Cambodian Upper Secondary School Education amid COVID-19 Pandemic: Challenges and Opportunities
The outbreak of Coronavirus Disease 2019 (COVID-19) was announced as a pandemic by the World Health Organization (WHO) on 11 March 2020. Its presence has created significant disturbances across society and particularly within education. On 16 March 2020, as a preventative measure against the spread of COVID-19, the Royal Government of Cambodia (RGC) decided to close all educational institutions. However, in an effort to continue providing education services to students, the Ministry of Education, Youth and Sport (MoEYS) alongside relevant stakeholders made significant efforts to adopt distance learning. The rapid adoption of technology in order to provide distance teaching and learning created challenges for teachers and students. The present study investigates the impact COVID-19 has had on teachers and students in upper secondary education, specifically focusing on the relative challenges teachers and students encountered during school closures and possible opportunities created by the pandemic.
This study employed quantitative research methods with both descriptive and inferential statistics used to examine the challenges and opportunities teachers and students faced. This study identified several types of challenges that teachers and students experienced during the school closure. Specifically, the problems teachers and students encountered in their teaching and learning processes are referred to as academic challenges. Hardships attributed to decreases in household income, difficulty in managing earnings and spending etc., were considered to be economic challenges. This study also highlights the high stress and anxiety levels teachers and students experienced referring to them separately as mental health challenges. Opportunities consisted of practical benefits—both academically and socially—that teachers and students gained as a result of their work-related activities or from social activities during the outbreak. The data analysis draws on survey data from 685 teachers and 2,804 students from upper secondary schools in Cambodia primarily collected between July and August 2022.
The findings showed that both teachers and students experienced decidedly challenging situations. For example, both in terms of how students interacted with each other and how teachers interacted with students, everyone struggled to manage teaching and learning remotely primarily stemmed from their difficulties in handling their teaching and learning using technology and digital devices. In addition, disruptions to teaching and learning due to poor internet connections, electricity cut-offs, and/or noisy environments were quite distracting during online instruction. Economically, both teachers and students experienced declines in family income and increasing prices for hygiene products, water and/or electricity, and distance learning materials. Furthermore, lack of food among family members and difficulty paying off loans were also noted as challenges by teachers and students. For students, the difficulties they experienced varied based on their location. Students residing in disadvantaged areas (rural and suburban areas) had to respond to more challenges than those in advantaged areas (urban areas).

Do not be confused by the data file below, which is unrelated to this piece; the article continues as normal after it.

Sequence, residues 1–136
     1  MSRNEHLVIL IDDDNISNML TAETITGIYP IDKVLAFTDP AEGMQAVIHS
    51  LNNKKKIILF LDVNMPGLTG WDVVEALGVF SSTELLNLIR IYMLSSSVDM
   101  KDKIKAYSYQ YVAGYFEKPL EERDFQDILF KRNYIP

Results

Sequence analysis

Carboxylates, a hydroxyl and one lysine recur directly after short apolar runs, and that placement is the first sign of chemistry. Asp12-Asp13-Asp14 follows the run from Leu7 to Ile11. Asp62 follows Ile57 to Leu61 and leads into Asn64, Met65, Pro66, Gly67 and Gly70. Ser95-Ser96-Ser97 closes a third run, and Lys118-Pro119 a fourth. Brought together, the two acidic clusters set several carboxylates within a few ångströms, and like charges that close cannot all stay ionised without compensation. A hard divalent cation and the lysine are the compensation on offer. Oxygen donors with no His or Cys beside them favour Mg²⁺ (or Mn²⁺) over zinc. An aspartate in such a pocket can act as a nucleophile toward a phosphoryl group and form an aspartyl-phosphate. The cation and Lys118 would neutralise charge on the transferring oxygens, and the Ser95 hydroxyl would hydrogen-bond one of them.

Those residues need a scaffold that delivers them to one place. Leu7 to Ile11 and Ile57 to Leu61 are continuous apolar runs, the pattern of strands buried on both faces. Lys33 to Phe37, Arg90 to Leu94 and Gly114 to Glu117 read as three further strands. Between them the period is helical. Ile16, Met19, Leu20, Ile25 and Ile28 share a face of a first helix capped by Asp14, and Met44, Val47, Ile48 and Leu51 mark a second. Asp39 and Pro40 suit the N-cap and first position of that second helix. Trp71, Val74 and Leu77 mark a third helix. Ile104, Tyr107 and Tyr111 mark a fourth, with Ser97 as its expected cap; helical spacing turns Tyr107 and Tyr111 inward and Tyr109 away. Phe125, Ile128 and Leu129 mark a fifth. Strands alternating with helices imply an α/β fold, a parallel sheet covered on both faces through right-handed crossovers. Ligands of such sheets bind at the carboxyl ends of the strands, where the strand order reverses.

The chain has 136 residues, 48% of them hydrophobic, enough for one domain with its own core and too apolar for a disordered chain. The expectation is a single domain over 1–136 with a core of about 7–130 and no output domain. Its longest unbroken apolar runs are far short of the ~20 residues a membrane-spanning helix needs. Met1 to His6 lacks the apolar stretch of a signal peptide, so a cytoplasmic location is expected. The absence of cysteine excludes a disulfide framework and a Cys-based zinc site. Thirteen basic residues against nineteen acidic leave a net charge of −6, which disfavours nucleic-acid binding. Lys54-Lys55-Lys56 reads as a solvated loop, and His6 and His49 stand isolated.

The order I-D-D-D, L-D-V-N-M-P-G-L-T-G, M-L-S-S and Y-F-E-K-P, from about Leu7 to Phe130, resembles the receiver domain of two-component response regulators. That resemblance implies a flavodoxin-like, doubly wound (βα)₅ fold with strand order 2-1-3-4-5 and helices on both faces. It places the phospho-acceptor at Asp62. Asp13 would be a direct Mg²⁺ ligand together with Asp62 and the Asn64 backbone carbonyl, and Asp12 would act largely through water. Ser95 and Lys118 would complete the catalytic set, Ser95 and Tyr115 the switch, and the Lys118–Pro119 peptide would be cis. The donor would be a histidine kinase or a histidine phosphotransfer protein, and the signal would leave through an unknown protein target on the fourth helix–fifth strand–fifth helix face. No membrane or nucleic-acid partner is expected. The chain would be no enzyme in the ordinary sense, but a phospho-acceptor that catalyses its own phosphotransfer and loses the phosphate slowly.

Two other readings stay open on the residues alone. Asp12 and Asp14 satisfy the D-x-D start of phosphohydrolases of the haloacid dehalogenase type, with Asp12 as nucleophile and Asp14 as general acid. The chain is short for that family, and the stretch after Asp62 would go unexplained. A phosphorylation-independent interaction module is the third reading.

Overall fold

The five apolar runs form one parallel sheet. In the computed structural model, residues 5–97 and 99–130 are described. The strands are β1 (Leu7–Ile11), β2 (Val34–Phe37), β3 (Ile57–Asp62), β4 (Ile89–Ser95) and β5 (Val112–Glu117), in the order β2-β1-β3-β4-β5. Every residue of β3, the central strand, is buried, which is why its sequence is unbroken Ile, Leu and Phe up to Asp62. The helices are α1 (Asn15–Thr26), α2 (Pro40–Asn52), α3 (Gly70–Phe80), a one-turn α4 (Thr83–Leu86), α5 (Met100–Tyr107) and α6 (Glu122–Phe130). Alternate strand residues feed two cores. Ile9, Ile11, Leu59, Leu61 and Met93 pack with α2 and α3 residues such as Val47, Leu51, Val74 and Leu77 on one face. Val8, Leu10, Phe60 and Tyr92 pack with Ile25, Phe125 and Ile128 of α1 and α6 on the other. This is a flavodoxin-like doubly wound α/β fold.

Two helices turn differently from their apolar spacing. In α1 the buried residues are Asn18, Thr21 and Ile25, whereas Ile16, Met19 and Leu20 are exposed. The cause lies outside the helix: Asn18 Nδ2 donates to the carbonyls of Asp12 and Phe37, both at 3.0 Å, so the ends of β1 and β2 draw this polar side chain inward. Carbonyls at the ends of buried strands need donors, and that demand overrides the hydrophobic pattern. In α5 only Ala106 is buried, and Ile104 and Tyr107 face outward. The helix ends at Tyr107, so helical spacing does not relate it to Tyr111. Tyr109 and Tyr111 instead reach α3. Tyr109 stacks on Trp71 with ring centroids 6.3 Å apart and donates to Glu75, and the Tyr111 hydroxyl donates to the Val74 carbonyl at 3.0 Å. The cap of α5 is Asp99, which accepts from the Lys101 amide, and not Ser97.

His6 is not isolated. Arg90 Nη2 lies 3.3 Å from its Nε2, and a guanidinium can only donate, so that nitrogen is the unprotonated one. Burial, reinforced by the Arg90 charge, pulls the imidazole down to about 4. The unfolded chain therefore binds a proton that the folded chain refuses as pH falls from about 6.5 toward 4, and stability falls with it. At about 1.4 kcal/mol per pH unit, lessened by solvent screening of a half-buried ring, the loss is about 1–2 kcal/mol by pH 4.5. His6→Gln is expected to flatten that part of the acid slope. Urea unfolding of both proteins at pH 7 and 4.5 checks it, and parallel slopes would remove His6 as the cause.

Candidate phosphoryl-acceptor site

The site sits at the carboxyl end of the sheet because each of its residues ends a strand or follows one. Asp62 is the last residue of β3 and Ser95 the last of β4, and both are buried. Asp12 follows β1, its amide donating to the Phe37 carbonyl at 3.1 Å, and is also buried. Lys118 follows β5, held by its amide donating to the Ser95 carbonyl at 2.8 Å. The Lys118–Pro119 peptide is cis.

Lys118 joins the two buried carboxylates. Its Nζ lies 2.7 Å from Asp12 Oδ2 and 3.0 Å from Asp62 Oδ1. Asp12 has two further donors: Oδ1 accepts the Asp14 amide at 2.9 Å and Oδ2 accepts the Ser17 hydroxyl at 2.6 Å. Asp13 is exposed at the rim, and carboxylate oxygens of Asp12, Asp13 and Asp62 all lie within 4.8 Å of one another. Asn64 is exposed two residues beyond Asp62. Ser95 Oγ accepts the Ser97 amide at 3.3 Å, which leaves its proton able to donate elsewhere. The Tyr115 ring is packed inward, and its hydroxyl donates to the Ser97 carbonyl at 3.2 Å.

Both teachers and students experienced some level of mental challenges as well. Significant numbers of teachers and students experienced moderate to extremely severe stress and anxiety levels. Teachers and students who live in the capital, Phnom Penh, reported experiencing greater mental challenges than in other areas of Cambodia. Although significant challenges were universally reported, teachers and students also acknowledged potential opportunities. Academically, they gained new knowledge and skills related to ICT in educational settings, and socially, they were able to strengthen their mental and social well-being in themselves and their family members. viii Cambodian Upper Secondary School Education amid COVID-19 Pandemic: Challenges and Opportunities.
Based on its findings, this study offers some recommendations for both education policymakers and teacher training centres. The development and creation of e-learning materials and technologies should continue to be developed since they may serve as supplementary teaching and learning resources not only for the present day but also when similar situations happen in the future. Teacher training programmes in technical skills, particularly focusing on ICT for education, should be enacted place for both In-Service Training (INSET) and Pre-Service Training (PRESET). Moreover, equipping every school with ICT facilities across the country should be planned so that the education system can respond to unpredictable events in the future. Cambodia should take this opportunity to transition from traditional classroom setups towards a mixture of teaching and learning environments, like blended learning.
MoEYS and relevant stakeholders should promote mental health education to educate teachers and students to maintain their mentally healthy or cope with stress and anxiety during times of crisis. Online mental health consultation services from professional psychologists for teachers and students should be considered as an effective measure to support everyone in the learning environment.